Thursday, 3 April 2014

New books and an extra tool

It's been some months, I have been meaning to write about two wonderful books, Knitter's Almanac and The Opinionated Knitter by Elizabeth Zimmermann which I bought last Autumn, but now I have a great opportunity to write altogether about books with the very recent addition of Íslensk Sjónabók!

Let's begin with EZ. I am relatively late (in the knitting world), in acquiring something she wrote, but I think with Zimmermann's works, timing doesn't really matter. Her writing and designs are truly timeless, maybe even the classics version of knitting.

So far I have read a few sections of the Almanac, and only stared(mostly) at pictures of the Opinionated Knitter. I enjoy her writing very much and I find (as other knitters have pointed out) reading the Almanac very relaxing. Every Chapter of the book, which is dedicated to a month, begins with a story, mostly from her personal life, includes description of techniques and then ends up describing a pattern - in two ways. One is written just like the rest of the chapter, very descriptively, and the other way, more concise, briefer, with a chart or two whenever needed.

She has a very literary style of writing and it's obvious that she enjoyed what she was doing, otherwise, I think, she wouldn't write whole stories around an idea, a technique, a pattern. Sometimes it's a disadvantage of popularity and commercialization that many books are being created not for the sake of the Art itself, but rather as instruction or pattern books. Not that they are not needed - it's just that, for me, we have become so focused in the "How to"s that we have forgotten to think. Inside a book and outside it.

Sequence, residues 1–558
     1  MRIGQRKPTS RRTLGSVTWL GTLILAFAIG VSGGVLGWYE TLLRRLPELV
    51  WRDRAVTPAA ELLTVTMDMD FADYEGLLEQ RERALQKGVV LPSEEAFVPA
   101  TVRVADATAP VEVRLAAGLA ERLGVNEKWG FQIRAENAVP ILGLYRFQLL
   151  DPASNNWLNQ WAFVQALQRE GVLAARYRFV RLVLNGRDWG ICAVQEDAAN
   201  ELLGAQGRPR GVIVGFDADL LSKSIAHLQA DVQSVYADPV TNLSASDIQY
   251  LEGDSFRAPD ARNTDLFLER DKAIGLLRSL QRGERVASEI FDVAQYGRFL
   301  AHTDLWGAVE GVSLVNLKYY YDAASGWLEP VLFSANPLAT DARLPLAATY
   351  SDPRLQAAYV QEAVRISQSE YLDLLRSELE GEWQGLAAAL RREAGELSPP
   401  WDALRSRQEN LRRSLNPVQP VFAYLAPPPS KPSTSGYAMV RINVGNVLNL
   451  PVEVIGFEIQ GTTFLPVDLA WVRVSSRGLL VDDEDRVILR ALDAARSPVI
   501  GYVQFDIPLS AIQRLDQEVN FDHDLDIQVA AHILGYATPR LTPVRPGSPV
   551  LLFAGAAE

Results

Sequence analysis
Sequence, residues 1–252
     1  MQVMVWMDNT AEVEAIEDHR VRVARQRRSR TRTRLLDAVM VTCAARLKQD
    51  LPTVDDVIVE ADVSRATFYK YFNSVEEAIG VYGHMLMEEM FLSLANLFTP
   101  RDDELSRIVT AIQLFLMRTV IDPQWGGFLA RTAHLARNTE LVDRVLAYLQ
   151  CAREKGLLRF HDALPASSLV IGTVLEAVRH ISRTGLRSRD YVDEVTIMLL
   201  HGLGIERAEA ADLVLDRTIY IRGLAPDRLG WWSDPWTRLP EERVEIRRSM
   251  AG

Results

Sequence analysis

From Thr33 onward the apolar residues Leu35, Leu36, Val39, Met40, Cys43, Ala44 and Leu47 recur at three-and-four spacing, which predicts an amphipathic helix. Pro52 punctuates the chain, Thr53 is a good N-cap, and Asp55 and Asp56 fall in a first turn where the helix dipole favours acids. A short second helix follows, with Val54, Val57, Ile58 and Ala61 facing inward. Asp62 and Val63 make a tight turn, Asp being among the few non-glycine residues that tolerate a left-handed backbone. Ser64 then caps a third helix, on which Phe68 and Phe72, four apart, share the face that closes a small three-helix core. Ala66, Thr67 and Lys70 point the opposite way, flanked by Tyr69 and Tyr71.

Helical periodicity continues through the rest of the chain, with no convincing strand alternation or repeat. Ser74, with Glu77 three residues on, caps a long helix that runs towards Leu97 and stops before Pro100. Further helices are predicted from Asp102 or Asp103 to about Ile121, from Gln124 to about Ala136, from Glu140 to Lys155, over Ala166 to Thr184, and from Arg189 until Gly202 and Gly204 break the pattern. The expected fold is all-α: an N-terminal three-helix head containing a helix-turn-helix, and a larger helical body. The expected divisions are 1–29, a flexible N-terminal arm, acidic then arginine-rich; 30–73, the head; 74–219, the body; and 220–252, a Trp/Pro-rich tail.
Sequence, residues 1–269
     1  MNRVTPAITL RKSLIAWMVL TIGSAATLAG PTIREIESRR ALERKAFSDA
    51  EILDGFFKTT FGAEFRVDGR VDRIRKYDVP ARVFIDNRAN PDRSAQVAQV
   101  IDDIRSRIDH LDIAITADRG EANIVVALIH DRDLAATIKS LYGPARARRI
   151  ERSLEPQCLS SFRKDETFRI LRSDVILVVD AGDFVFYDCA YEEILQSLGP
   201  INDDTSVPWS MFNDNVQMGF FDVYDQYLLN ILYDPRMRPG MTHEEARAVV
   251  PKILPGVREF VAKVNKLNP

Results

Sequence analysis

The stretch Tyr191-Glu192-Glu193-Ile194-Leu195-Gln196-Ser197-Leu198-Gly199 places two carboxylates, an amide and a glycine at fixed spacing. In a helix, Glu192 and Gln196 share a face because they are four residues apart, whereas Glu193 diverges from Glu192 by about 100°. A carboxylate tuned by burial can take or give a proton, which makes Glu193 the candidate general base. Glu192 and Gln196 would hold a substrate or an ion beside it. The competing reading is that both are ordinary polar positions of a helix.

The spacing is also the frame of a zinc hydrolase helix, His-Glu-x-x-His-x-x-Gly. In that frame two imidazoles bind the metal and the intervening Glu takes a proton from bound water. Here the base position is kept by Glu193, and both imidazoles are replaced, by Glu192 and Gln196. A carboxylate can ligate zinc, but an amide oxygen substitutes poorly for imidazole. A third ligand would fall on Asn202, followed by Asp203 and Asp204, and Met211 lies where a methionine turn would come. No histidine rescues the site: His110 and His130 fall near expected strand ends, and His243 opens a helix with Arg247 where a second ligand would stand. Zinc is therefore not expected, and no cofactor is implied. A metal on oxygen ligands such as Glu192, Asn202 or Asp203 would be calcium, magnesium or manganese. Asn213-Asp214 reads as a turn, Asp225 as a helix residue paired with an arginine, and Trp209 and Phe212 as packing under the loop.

This is also something that has been bothering me during the knitting classes I have been delivering. The vast majority of my students were not interested in learning an art, rather than learning instructions on how to make this and that. Fast and cheap. The simpler, the better, of course and with as little effort as possible. 
Sure, not everyone can be insanely interested from the start and be able to really see through things, but that does not excuse superficiality in such a high degree either, in my opinion. I won't elaborate more in this subject, since it's off topic.

Back on topic then!
I like that EZ speaks her mind openly and does not hesitate to fiddle with ideas, experiment and invent new techniques whenever she thinks she needs them. Her way of thinking really reminds me how I learned how to knit, how through experimentation and trial/error attempts I 'unvented' myself what I was too lazy to read and learn from books.

And it's very important to consider the period of time she was working and writing these books - what that means for the perception of women, knitting and the combination of both. I like to believe that she was ahead of her time, and her work changed how knitting is really today. I am glad that there are so many knitters around the world that look up to her and idolise her: because sadly, not many women think like her today, even in the 21st century.